Sessions to appear before Senate intelligence committee
Sessions to appear before Senate intelligence committee
Jeff Sessions To Appear Before Senate Intelligence Committee Tuesday
15 June, 2017, 02:41
U.S. Attorney General Jeff Sessions said in a letter on Saturday that he will appear before the Senate Intelligence Committee on Tuesday to address matters former FBI Director James Comey brought up this week in testimony to the same panel.
Former FBI director James Comey raised additional questions at a hearing on Thursday, saying that the FBI expected Mr Sessions to recuse himself weeks before he actually did. Concerns have been raised about whether Sessions helped otherwise subvert the ongoing Russia-related investigations.
Comey's testimony raised lingering questions surrounding Sessions' recusal from the FBI's Russian Federation probe.
Sessions announced his intention to testify before the Senate Intelligence Committee on Saturday in letters to the chairman of House and Senate appropriations subcommittees, where he had been scheduled to testify Tuesday.
He said in the letter he will send a deputy to that hearing and instead appear before the intelligence committee.
A Justice Department spokeswoman has said that no such meeting occurred.
Trump at first maintained Comey had been fired as a result of discontent among the FBI agents he supervised, but a day later admitted that he fired the FBI chief as a outcome of the bureau's investigation of Russian meddling in USA politics.
Sessions' testimony is expected to occur Tuesday in a closed meeting and to focus on the moments leading up to the private February 14 conversation where, according to Comey, President Trump pressed the then-FBI director to drop the investigation into former national security adviser Michael Flynn.
Sessions recused himself from overseeing the federal Russia probe three months ago after The Washington Post reported on a pair of undisclosed meetings Sessions had during the campaign with Sergey Kislyak, the Russian ambassador to the US. The fact that Sessions would delegate that task showed the Russian Federation investigation was distracting him from his core duties.
-Feinstein acknowledged she "would have a queasy feeling, too" if Comey's testimony was true that Loretta Lynch, as President Barack Obama's attorney general, had directed him to describe the FBI probe into Hillary Clinton's email practices as merely a "matter" and to avoid calling it an investigation. Comey declined to elaborate in an open setting.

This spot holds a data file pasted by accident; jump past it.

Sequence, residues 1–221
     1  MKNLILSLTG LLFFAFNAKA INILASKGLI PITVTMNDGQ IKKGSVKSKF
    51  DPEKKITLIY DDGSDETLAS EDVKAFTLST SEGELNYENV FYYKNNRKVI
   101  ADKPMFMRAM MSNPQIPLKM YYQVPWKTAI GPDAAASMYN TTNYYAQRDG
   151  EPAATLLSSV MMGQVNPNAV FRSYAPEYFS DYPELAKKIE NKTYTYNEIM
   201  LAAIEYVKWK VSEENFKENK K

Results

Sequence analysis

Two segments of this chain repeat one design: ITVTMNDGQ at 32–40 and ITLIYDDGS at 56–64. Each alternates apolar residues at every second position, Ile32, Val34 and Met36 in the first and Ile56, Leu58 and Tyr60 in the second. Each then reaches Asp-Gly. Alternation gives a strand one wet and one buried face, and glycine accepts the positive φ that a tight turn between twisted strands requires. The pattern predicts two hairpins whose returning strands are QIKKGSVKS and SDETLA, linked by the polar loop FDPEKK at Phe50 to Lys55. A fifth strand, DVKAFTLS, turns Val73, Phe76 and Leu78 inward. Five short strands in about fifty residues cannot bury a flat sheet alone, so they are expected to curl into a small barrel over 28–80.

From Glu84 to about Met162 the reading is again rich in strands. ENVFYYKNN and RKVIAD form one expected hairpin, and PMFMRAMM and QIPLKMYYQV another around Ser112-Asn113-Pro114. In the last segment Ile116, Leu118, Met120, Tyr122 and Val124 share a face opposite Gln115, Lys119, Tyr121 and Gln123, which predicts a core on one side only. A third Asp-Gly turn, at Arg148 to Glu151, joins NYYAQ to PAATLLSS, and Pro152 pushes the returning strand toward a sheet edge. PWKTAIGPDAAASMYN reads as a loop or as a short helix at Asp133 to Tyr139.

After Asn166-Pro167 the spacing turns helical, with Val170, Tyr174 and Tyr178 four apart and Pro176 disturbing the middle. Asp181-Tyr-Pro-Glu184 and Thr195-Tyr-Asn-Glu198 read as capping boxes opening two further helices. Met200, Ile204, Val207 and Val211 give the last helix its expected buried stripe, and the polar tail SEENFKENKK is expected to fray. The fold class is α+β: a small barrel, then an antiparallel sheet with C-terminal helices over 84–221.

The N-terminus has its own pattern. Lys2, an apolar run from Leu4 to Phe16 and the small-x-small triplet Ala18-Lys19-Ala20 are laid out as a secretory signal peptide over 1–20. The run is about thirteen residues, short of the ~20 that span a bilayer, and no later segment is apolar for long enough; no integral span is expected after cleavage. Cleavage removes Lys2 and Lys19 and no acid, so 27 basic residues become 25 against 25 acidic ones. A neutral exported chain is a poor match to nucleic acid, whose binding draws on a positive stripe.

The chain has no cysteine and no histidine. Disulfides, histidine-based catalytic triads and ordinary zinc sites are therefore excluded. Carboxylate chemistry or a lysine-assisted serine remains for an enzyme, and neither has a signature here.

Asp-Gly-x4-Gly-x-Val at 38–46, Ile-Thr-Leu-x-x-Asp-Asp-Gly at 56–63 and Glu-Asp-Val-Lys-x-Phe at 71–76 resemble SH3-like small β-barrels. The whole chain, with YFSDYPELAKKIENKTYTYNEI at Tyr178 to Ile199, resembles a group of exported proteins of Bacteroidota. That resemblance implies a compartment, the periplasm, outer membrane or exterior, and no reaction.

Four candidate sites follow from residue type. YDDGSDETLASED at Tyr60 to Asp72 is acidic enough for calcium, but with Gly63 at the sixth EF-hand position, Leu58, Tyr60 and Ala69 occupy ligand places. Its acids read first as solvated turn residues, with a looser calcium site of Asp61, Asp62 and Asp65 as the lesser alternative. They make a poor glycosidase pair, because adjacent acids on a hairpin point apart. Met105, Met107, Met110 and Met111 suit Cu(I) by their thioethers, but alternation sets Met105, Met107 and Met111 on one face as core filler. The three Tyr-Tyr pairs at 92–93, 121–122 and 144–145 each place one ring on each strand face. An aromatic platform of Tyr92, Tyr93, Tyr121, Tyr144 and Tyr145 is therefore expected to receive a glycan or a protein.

Trump's alleged comments to Comey about Flynn "is a big deal, and can't be excused by simply being a novice", Preet Bharara said on ABC's This Week, the first televised interview since his own firing by Trump in March as a federal prosecutor in NY. "My sense was the attorney general knew he shouldn't be leaving", Comey added. Comey alleges that Trump then privately asked him to drop a probe into former national security adviser Michael Flynn's contacts with Russian Federation.
"These are dark times if the attorney general of the United States is unwilling to answer questions under oath in an open session about his conduct or defend this administration's budget", Schatz said in a statement.
Sessions failed to include information about his meetings with Kislyak during his confirmation process.
Though contact between the White House and the FBI has always been routed through the attorney general or deputy attorney general, Sessions recused himself from overseeing the FBI investigation into Russia's interference with last year's election after failing to disclose meetings with Kislyak during his January confirmation hearing.
"There remain a number of questions about his own interactions with the Russians", Republican Senator Susan Collins told CNN Friday.
"The Department of Justice appointed special counsel to assume responsibility for this matter", said department spokesperson Sarah Isgur Flores, referring to the appointment of former FBI Director Robert Mueller to oversee the department's Russian Federation probe.
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